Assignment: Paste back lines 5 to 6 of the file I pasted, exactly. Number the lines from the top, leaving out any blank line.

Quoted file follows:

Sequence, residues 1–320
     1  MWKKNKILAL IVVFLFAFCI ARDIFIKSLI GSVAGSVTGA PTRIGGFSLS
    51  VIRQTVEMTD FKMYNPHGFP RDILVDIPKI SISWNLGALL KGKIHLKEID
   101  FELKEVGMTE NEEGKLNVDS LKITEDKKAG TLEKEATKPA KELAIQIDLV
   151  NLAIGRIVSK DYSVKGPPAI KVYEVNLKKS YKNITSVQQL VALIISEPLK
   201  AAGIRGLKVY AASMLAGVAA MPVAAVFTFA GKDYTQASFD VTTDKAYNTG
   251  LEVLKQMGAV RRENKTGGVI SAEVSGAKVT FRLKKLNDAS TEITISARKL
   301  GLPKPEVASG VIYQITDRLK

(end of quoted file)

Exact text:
   151  NLAIGRIVSK DYSVKGPPAI KVYEVNLKKS YKNITSVQQL VALIISEPLK
   201  AAGIRGLKVY AASMLAGVAA MPVAAVFTFA GKDYTQASFD VTTDKAYNTG